3a833804187fe8926214e6c0bd8a0766

(1023)

on January 09, 2011
at 01:37 AM

I don't doubt that at all. But it seems the total amount of PUFA in beef makes worrying about Omega 3 pointless.

3a833804187fe8926214e6c0bd8a0766

(1023)

on January 09, 2011
at 01:36 AM

@Ben - I didn't mean to imply they're magic. 1 oz. contains a good amount of Magnesium (78mg), potassium (134mg), and Vitamin E (7.4mg). I would think the magnesium alone would be worth it.

667f6c030b0245d71d8ef50c72b097dc

(15976)

on January 08, 2011
at 08:58 PM

macadamia nut oil is the only nut/seed oil i use in the kitchen. delicious and excellent lipid profile. @Jimbo: what are the benefits of almonds and walnuts that outweigh anything? Theyre just another nut, they have no magic. @Tim, although my primary reason is the n6-load i always feel lighter with no nuts and seeds in my system, too. I just feel like they never (in the amounts most people eat them) sit too well in the belly.

3a833804187fe8926214e6c0bd8a0766

(1023)

on January 08, 2011
at 07:00 PM

All nuts and seeds? I see they're high in O6, but I've read that the benefits of Almonds and possibly walnuts outweigh the O6:O3 arguments. I usually go for Macadamia nuts though.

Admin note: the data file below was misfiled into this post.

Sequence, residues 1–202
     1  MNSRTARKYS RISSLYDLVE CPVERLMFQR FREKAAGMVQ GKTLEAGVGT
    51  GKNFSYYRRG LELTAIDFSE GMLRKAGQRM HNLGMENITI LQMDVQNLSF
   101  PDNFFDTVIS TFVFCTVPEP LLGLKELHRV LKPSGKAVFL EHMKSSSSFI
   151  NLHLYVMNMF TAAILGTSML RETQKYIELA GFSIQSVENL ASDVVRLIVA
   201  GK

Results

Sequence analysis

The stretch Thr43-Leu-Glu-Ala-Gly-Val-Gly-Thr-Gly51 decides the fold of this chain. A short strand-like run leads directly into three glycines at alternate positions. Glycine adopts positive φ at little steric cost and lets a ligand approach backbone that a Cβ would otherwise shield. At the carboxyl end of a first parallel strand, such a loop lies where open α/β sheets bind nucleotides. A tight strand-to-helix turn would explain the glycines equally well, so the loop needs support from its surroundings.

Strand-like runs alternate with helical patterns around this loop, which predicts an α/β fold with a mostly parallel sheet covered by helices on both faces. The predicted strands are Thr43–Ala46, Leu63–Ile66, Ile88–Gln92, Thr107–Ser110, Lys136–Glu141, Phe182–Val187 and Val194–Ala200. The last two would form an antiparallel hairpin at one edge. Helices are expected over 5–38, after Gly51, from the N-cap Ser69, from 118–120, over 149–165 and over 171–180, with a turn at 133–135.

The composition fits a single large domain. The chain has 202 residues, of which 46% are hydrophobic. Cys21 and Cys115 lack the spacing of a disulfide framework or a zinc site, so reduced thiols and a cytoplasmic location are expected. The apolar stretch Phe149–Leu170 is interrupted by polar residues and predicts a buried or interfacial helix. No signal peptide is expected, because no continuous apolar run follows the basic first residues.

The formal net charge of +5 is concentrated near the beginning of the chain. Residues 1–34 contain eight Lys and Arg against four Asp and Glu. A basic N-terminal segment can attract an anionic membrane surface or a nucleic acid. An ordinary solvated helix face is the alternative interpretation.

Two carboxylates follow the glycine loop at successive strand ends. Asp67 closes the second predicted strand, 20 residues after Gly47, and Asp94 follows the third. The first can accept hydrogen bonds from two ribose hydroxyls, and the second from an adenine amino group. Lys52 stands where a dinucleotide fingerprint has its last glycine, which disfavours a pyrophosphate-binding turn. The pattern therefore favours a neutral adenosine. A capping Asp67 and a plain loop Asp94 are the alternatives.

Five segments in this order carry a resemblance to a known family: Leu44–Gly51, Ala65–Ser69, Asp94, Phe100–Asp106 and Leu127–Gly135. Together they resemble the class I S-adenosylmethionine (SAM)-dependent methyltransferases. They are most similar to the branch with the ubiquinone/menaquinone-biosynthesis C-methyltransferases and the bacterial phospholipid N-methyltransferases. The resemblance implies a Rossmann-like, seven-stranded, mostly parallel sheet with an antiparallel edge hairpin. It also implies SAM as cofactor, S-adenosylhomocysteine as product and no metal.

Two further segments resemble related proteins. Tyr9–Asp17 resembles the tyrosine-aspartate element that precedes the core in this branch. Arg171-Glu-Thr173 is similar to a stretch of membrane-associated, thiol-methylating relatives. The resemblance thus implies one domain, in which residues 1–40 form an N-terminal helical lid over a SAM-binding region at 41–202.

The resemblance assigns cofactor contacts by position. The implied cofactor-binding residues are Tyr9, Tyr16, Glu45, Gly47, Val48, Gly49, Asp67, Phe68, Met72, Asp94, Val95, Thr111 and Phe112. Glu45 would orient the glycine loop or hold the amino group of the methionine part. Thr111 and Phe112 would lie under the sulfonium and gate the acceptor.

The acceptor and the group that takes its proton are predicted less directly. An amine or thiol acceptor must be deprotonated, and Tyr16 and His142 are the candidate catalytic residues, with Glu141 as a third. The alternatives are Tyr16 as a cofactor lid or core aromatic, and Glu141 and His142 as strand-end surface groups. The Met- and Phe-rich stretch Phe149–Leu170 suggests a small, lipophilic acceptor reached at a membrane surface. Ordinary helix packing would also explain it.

3a833804187fe8926214e6c0bd8a0766

(1023)

on January 08, 2011
at 06:58 PM

I usually get USDA Organic beef from Costco rather than spend about 35% more $$ on grass-fed meat to avoid a lot of possible side affects from CAFO meat.

0d2dec01a5ed9363a9915e111ae13f7e

(4583)

on January 08, 2011
at 06:09 PM

Certainly binges of nuts could add to the omega 6 intake! Could it negate the good done with eating grassfed meats? Nuts in abundance these days beyond our past availability? Hmmmm? just pondering. I've cut out nuts entirely and my guts thank me for it!

3a833804187fe8926214e6c0bd8a0766

(1023)

on January 08, 2011
at 05:33 PM

I read a suggestion on Mark Sisson's blog that if you can't afford grass-fed or Organic meat, to cook it in grass-fed butter. That way you can still get the Vitamin E and CLA. Thanks

3a833804187fe8926214e6c0bd8a0766

(1023)

on January 08, 2011
at 05:31 PM

I'm a big fan of Dr. Eades blog, I'll have to look out for that. It makes total sense though. Thanks for the info.

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9 Answers

3
62ed65f3596aa2f62fa1d58a0c09f8c3

(20807)

on January 09, 2011
at 12:54 AM